Enjoy yourself! Allow yourself to be pleased with all your hard work; you've earned it! Bake for the satisfaction of it, because it makes you happy, because you can anticipate how delicious it will taste, because you want to share your creation with others, etc.. Whatever the reason is that you're baking, do yourself a favor and remember to take pleasure in the experience.

The first cookie recipe will be posted soon!

Friday, January 16, 2015

A Year with Isa


One year ago, on my 25th birthday, my boyfriend presented me with something he knew I wanted: Isa Chandra Moskowitz's latest vegan cookbook.

Before I even owned Isa Does It, you could find me crouching over the tiny vegan section of our local bookstore. I would thumb through the pages of the cookbook and lust after every carefully orchestrated culinary photograph while simultaneously taking mental notes on the recipes I planned to one day execute in full.

For this past year, the book has been my kitchen's bible. I have made 50 out of the 145+ recipes - some more than once, still others that I have kind of made but not exactly, and even more recipes I have been eyeing all year long but just haven't gotten around to.

Babushka Borscht
Wild Rice Soup with Browned Seitan Strips (& a side salad)

Some of my favorite items: New England Glam Chowder. Butternut Bisque. Olive Oil Bread for Soup. Korean BBQ Portobello Burgers. Ancho Lentil Tacos. Pesto-Cauliflower Pasta with Breaded Tofu. Lentil-Quinoa Stew with Lots of Kale. Dilly Stew with Rosemary DumplingsEveryday Pad ThaiRoasty Soba Bowl with Miso-Tahini Dressing. A rich gravy made of lentils! Phyllo Pot Pie. Garlicky Thyme Tempeh. Steamy Beany Sausages (yes, I made my own sausages!). Scrambled chickpeas. Puffy Pillow Pancakes. Banana-Berry Scones. Rosemary Chocolate Chip Cookies. Strawberries & Cream Bread Pudding.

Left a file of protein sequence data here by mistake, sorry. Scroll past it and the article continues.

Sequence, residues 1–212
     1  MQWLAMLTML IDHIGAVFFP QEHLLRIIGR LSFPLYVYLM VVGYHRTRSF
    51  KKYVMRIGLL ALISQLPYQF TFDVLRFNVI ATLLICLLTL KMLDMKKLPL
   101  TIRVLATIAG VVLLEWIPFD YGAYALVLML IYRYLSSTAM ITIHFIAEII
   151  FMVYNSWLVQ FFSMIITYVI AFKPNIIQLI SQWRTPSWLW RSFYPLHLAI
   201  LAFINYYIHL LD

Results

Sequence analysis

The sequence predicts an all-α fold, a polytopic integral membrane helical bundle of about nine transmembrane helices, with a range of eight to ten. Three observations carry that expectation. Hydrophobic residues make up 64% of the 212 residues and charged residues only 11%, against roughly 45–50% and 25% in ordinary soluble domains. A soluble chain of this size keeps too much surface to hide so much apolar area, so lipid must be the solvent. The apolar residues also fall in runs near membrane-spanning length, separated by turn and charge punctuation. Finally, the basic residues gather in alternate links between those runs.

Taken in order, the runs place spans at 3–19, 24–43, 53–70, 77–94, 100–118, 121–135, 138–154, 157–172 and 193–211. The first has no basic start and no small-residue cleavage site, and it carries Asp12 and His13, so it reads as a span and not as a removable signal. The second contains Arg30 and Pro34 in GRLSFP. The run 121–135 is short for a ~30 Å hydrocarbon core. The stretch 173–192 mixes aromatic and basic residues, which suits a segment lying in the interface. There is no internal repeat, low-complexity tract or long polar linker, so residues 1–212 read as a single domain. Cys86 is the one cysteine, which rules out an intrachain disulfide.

This is not a book review - though I imagine it would be one of the most thorough reviews available if I chose to go that route. This is an ode, a grateful gesture, a jumping-off point.

My love affair with Isa Does It begins and ends with cake: the aforementioned boyfriend baked the Chocolate-Zucchini Bundt Cake for me last year, and today I made Just Chocolate Cake in celebration of my 26th birthday.

Just Chocolate Cake (with orange cream cheese frosting)

Isa and Terry Hope Romero solicited my first vegan baking inspiration when I decided to buy Vegan Cupcakes Take Over the World and spend the summer of 2010 baking goods for the Santa Cruz friends I had in college. I am where I am today, creating vegan pastries, because of how I could depend on that tiny cookbook for vegan fare that would satisfy even the most cynical onmivore. My persistent dedication to trying out vegan recipes, specifically Isa and Terry's recipes, has introduced me to many different types of foods and taught me how to think creatively in the kitchen. The widely inventive nature of vegan cooking and baking keeps me interested and continues to surprise and delight my taste buds.

Over the course of a year, I have done many things. Most importantly, I've accomplished three goals I set for myself: move to Portland, receive a diploma in Baking and Pastry Arts, and work in a vegan bakery. Now, after years of 'training' with vegan recipes and studying in culinary school, I think it's finally time for me to trust myself and focus on my own creations.

I recognize my teachers, I respect them and celebrate them, but this is where my own project begins. This is where my carefully arranged recipes are finally written out, typed up, offered to the internet at large. I will offer you nothing but my best.

Welcome to Vegan Pastry School.